Late in the year I discovered the Backlisted podcast. I rarely bother with podcasts but this one should be on the radar of anyone who enjoys this blog. After listening to an episode on William Maxwell, I’m now reading, slowly and with pencil in hand, So Long, See You Tomorrow. I’ll struggle to write objectively about the story. It is in a sense too close to me. Maxwell’s mother died when he was young, as mine did, and he has an exile’s sensibility. Both make the story terribly moving. But that aside, Maxwell writes with the subtly and elegance of a chemical reaction. I shall start 2017 with Maxwell’s work, both this and other novels and short stories, perhaps also dipping into his essays and memoir.

All intentions have a corresponding possibility of fulfilment, more likely if specific books are embarrassing by their presence. A stack of Open Letter and Fitzcarraldo Editions sit within easy reach of my reading chair, part of an intention to read more broadly next year and to spend more time than normal with contemporary books–contemporary by my criteria being books less than ten years old. To this end, I am now subscribed to Deep Vellum, Open Letter, And Other Stories and Fitzcarraldo Editions, all small presses publishing intriguing writers.

My favourite publisher Seagull Books have books forthcoming that will demand attention, including newly translated work by Tomas Espedal, Christa Woolf and Max Frisch. I’m also looking forward to new books by Catherine Lacey, Claudio Magris, Kate Zambreno, Jessa Crispin and Yiyun Li.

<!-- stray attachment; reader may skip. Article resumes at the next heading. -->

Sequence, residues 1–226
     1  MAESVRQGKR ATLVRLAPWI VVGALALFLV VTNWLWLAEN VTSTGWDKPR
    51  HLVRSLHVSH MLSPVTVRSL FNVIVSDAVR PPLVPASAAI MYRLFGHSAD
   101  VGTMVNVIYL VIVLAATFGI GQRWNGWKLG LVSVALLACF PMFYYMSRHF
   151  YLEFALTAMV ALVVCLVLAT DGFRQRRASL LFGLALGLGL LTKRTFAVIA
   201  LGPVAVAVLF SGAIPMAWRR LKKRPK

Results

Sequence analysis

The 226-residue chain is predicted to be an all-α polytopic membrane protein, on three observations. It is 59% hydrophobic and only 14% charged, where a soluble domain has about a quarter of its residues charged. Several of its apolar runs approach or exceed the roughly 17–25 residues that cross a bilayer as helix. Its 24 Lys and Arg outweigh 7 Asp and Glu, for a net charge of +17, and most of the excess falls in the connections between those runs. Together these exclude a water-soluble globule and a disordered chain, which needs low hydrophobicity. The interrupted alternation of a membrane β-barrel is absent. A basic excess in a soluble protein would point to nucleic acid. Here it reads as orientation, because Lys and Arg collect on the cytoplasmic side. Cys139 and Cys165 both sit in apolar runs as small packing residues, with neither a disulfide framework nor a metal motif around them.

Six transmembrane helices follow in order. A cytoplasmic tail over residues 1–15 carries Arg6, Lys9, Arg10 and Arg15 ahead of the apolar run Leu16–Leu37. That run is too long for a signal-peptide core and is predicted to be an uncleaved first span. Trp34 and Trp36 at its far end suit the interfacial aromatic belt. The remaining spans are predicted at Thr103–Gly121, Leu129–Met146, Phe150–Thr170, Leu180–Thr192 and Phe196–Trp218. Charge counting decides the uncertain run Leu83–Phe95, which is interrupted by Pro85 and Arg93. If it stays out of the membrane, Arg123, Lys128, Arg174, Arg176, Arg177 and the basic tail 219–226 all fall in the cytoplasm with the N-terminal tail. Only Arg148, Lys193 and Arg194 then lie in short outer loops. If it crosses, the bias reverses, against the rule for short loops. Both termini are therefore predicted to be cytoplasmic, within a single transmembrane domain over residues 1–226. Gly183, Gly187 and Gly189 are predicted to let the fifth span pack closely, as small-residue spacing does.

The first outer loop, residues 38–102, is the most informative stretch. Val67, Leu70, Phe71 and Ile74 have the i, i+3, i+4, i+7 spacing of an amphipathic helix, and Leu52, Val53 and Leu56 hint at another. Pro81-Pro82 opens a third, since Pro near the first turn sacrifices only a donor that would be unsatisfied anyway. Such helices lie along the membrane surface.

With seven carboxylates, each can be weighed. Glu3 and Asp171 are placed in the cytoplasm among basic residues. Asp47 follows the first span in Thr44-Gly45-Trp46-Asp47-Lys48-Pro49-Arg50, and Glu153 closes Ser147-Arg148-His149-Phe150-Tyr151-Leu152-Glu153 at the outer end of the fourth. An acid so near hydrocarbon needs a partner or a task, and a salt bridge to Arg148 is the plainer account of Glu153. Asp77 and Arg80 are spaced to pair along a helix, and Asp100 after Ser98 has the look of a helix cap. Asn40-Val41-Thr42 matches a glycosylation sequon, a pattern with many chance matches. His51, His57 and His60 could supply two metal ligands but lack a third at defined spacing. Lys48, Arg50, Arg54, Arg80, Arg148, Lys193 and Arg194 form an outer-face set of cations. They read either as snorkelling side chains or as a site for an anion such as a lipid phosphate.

The fault and glimpse of newness often leads me astray so expect distractions. If the year ahead holds surprises as great as Rachel Cusk, William Maxwell and Jorge Semprún I’ll be a fortunate reader.

Thanks for reading along in 2016 and for taking time to discuss books with me here, in person and on Twitter. I love little more than to discuss books so more conversation please!

Claudio Magris’s A Different Sea

the-dreamer-1840-jpglargeOne morning as I was riding my bicycle–I must have been around five or six years of age–I was struck by the sensation of being ‘me’. It hadn’t occurred to me before but the feeling persisted for several minutes. I saw myself for the first time as distinct from the people around me. In Sartre’s essay on Baudelaire, he writes that “Everyone in his childhood has been able to observe the accidental and shattering apparition of the consciousness of self.” When I was able, much later, to think coherently about that sensation of personal identity, I understood it to be composed of a person’s past and present.